Way back at the end of July, I won a Don’t Drink Hophead t-shirt from Dark Star via Twitter. The idea appeared to be to get people wearing the t-shirts at GBBF, as some sort of reverse psycology subversive stealth marketing. One thing I didn’t expect I’d get while wearing it was abuse from other GBBF punters. Most of which was good natured, I have to say, but there were a few people who made it be known, in no uncertain terms, that they thought Hophead was shite.
Their complaints seem to be along the lines of it’s not what it used to be and this got me thinking. I came up with three possible reasons for their complaints, one, the beer has actually changed for the worse over time. Two, they have drank so much of it, that they have now become so used to it and are thus ambivalent toward it. Three, they have under gone some level of Lupulin Threshold Shift and can’t taste the hops anymore.
Let’s look at each of these points, firstly, has the beer actually changed for the worse over time? I doubt it, but like all real ale, it’s susceptible to variations in malt and hops from year to year, so I would think the recipe gets tweaked every now and again to compensate. It’s also at the mercy of pub landlords and we all know they can fuck up a perfectly good beer and make it taste like shite. However, I really doubt Dark Star would deliberately modify one of their flagship beers to make it taste worse, as it just doesn’t make good business sense.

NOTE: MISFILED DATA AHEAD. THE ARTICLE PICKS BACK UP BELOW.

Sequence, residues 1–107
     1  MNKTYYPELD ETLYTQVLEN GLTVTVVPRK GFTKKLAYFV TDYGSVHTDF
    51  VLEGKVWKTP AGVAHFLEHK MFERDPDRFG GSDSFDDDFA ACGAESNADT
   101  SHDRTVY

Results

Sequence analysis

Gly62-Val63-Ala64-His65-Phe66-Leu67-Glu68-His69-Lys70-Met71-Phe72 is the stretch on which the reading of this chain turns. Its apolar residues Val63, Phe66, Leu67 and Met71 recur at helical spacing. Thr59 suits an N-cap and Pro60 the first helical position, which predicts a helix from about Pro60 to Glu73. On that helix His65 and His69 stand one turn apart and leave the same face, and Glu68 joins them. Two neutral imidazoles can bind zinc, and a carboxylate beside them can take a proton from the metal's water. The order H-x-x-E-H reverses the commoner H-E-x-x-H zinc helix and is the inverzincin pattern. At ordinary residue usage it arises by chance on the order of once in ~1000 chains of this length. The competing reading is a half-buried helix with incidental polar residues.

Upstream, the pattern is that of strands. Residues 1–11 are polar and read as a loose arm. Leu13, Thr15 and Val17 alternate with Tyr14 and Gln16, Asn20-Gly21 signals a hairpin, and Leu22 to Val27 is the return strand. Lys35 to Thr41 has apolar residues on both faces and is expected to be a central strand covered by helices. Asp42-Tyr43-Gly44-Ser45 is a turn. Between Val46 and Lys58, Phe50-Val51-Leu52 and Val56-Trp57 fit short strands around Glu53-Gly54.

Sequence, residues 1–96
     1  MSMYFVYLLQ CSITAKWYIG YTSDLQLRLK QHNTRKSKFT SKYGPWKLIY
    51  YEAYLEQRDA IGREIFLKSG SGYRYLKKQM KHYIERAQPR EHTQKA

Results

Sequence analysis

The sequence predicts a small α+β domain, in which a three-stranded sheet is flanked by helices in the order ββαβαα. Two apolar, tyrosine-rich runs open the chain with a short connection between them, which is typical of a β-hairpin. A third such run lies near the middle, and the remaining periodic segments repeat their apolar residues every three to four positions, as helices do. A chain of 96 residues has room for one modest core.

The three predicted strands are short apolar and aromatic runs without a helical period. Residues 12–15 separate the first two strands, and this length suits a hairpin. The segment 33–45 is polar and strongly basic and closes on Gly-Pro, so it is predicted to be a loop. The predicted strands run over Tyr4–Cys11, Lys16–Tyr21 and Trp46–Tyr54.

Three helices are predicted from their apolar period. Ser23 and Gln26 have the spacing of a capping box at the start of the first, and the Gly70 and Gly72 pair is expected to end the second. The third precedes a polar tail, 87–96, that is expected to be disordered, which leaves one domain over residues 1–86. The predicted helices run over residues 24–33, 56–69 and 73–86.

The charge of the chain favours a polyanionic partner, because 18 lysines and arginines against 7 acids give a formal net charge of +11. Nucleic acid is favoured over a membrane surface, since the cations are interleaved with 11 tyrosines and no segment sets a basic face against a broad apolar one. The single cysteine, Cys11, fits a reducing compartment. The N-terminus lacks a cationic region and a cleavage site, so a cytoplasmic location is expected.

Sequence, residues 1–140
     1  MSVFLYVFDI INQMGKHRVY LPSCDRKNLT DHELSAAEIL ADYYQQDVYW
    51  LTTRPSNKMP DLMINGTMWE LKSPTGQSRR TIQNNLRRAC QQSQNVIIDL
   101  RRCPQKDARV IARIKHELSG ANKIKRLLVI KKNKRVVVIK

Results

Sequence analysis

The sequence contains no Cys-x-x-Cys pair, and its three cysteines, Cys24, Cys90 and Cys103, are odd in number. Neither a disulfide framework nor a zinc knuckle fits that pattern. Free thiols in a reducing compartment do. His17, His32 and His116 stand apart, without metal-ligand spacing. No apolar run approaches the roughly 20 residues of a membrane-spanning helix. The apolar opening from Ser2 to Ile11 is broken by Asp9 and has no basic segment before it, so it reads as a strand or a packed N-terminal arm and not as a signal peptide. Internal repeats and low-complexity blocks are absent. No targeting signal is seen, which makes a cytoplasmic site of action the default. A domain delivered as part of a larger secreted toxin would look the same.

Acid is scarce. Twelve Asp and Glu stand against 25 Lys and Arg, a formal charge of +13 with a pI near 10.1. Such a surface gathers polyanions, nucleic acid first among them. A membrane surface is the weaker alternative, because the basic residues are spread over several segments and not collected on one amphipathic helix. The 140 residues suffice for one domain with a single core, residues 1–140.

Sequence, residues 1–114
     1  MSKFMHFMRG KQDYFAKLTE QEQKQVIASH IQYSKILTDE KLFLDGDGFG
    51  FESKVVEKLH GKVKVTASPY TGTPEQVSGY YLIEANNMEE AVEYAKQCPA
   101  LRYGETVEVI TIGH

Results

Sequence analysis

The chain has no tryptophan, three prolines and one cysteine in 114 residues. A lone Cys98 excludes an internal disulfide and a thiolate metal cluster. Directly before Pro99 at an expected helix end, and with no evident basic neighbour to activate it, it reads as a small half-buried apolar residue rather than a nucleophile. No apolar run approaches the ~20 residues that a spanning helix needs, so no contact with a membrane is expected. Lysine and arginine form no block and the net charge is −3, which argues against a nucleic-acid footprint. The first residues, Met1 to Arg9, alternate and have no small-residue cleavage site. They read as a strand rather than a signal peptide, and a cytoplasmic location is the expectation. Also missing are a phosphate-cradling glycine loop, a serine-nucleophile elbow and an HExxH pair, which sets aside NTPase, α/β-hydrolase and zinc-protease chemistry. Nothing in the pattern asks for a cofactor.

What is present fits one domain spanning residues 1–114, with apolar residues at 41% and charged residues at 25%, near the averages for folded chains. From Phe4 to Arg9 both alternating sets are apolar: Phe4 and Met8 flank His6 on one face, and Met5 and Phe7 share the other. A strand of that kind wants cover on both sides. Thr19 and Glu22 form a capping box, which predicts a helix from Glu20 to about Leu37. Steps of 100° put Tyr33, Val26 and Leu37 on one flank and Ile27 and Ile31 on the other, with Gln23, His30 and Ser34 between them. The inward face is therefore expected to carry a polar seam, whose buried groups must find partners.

Secondly, have they become ambivalent to it? I know that I go through phases of drinking certain styles of beer or certain beers, but then I want a change and I don’t go back to those beer styles or beers for ages, if ever. Take BrewDogPunk IPA, I’ve drank loads of it, it’s still the beer I’ve checked into more than any other on Untappd. It’s not a bad beer, but I’m just so over it, it doesn’t excite me anymore, that coupled with their legendary consistency issues and knobend (IMHO) marketing and I’d rather spend my money on another brewers beer.